Public Lab’s DIY spectrometry kit makes it possible for citizen scientists to do their own spectrometric analysis at home.
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Spectrometry. Listen to yourself say it out loud. Admit it. It sounds cool just to say “spectrometry.”(Whoa you just did it again!) As fans of Star Trek or Star Wars will attest to, spectrometers are must-have instruments in the scientific arsenal. I’m happy to let you know, however, that the use of a spectrometer (a.k.a ‘spec’) is not limited to fictional, futuristic worlds. In fact, from discovering new chemical elements to measuring DNA, spectrometry is a technique that’s dipped its toes in almost every field of research.
What’s all the fuss about a spectrometer?
Before I talk to you about a spectrometer, let me get into a little bit about the properties of light. You might know that objects appear a certain color because they absorb certain wavelengths of light while reflecting others. For example, leaves appear green because they absorb other colors except green. So if you took some leaf extract in a glass tube and passed light through it on one side, the light that comes out of the other side will have lots of green and little of the other colors (because they were absorbed by the leaf extract).
Put on your scientist hat (or a lab coat) and think about that for a moment. You’ll probably say, “Hey! If I can figure out what specific mix of colors a known substance is made of then I can use that to find out what an unknown substance is made of!” And put simply, that’s what a spec does. It’s an instrument that uses light to determine what a substance is made of.
A spec identifies the specific mix of colors that is absorbed by a sample producing what is known as an ‘absorption spectra‘ which is characteristic of that sample. Think of it like a fingerprint for every material. To do this accurately, the spec needs something that can effectively split light into its constituent colors. One option is to use a prism, which you’ve probably seen at some point. Another way is to use a ‘diffraction grating’ which is a surface with many small parallel lines that can also do the same job of splitting light.
One cool everyday object that acts as a diffraction grating is a CD or DVD. The tiny grooves on the disc act like a grating and split white light giving off the rainbow of colors that you see on its back side. The Public Lab DIY spec uses a DVD as a diffraction grating. The image below describes how a simple DIY spec works. And that’s the Cliffs Notes version. Public Lab’s spectrometer curriculum has lots more detail!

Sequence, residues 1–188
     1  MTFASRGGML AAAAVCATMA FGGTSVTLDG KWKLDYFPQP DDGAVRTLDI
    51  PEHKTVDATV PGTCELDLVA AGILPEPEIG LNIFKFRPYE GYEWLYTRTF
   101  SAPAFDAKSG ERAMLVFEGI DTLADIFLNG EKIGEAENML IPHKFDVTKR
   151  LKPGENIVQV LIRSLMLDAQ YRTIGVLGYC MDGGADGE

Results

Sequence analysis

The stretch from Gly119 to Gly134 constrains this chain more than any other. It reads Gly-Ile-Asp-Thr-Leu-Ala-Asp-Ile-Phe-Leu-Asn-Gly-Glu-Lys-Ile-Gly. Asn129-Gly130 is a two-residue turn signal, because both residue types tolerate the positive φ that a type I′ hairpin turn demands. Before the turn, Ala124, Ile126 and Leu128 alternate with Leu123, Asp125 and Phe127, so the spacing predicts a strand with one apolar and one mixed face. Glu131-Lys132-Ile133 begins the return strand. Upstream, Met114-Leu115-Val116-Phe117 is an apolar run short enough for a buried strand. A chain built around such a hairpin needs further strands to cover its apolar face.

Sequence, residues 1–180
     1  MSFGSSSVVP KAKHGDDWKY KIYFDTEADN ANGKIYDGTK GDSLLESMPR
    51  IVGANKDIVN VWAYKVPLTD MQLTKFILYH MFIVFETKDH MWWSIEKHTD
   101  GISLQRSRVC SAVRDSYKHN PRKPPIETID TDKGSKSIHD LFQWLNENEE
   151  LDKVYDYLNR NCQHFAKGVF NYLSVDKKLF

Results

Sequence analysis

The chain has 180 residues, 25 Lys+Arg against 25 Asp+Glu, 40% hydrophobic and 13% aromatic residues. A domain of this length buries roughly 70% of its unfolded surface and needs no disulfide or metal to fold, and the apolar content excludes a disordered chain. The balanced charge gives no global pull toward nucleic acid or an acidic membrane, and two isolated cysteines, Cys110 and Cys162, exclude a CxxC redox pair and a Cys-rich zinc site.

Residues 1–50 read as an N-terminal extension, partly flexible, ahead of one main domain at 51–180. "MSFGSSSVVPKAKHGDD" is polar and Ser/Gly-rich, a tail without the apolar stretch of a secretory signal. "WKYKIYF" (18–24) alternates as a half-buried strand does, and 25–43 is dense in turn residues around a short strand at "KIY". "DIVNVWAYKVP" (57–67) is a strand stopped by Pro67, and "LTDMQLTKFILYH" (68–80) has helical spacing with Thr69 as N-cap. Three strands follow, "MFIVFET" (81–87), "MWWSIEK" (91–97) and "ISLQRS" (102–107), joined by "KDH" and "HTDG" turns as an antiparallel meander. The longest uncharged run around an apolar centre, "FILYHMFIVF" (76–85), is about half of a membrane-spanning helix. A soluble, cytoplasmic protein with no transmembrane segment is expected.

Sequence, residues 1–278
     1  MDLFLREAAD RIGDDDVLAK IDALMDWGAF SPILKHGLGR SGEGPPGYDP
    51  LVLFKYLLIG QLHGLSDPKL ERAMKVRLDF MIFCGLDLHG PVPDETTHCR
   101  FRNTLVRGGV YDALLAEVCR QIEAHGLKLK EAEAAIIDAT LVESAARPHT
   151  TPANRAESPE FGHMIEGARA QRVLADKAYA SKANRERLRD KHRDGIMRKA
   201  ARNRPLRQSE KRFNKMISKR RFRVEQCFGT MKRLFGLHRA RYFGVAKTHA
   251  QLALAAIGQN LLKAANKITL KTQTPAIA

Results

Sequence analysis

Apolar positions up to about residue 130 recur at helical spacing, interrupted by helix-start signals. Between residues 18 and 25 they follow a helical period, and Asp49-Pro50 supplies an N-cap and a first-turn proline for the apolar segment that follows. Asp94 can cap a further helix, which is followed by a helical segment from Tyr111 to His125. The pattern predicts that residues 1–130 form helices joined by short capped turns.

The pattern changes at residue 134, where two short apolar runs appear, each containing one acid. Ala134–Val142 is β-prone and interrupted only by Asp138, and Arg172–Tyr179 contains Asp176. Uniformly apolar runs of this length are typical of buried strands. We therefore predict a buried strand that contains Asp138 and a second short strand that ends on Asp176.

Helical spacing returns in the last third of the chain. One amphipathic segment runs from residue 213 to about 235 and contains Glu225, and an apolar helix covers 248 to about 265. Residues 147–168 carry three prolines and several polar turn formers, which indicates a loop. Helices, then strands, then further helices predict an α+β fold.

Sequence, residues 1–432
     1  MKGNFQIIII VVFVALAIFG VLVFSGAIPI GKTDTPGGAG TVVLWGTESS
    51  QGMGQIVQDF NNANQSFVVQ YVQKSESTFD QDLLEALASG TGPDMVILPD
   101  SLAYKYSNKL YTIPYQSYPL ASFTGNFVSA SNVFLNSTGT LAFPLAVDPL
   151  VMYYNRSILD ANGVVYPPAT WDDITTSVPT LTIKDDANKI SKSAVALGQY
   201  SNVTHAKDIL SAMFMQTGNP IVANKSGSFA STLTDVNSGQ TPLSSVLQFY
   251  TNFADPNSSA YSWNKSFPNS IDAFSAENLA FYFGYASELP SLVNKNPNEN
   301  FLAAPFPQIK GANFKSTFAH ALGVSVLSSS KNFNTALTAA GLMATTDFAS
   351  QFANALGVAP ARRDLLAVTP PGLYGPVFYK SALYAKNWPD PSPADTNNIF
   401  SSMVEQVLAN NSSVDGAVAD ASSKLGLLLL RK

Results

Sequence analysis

The Public Lab DIY Spectrometer
Our friends over at Public Lab have made it possible for you to do your own spectrometric analysis at home! When it started, the goal of the project was to create a cheap, do-it-yourself spectrometer that anybody could use to analyze materials and contaminants like oil spills and tar residues in urban waterways. In 2012, the team came up with an idea for a spec and crowd-funded it on Kickstarter. The Kickstarter project was a massive success and now Public Lab is selling the DIY desktop kit for $40 in its online store. However, if you prefer to build it from the materials you have at home, they have a great instruction manual for how to make it yourself.
They have also made a smartphone compatible Foldable Mini Spectrometer ($10 in the store) that you can carry around (and show off!). To be able to actually use the spec, the team at PublicLab built an open source software called Spectral Workbench that runs within your browser to help you record and analyze the data you collect. Whether you buy the kit or build it yourself, the Public Lab community has a wiki style page that is a great information resource.
To make it easier to get started, I’ve put together a plan to get you started with making and using your shiny new instrument:
Images: PublicLab.org, Wikipedia
Arvind Sureh graduated with his MS in Cell Biology and Molecular Physiology from the University of Pittsburgh. He holds a Bachelor’s degree in Biotechnology from PSG College of Technology, India. He is also an information addict, gobbling up everything he can find on and off the internet. He enjoys reading, teaching, talking and writing science, and following that interest led him to SciStarter. Outside the lab and the classroom, he can be found behind the viewfinder of his camera. Connect with him on Twitter, LinkedIn or at his Website.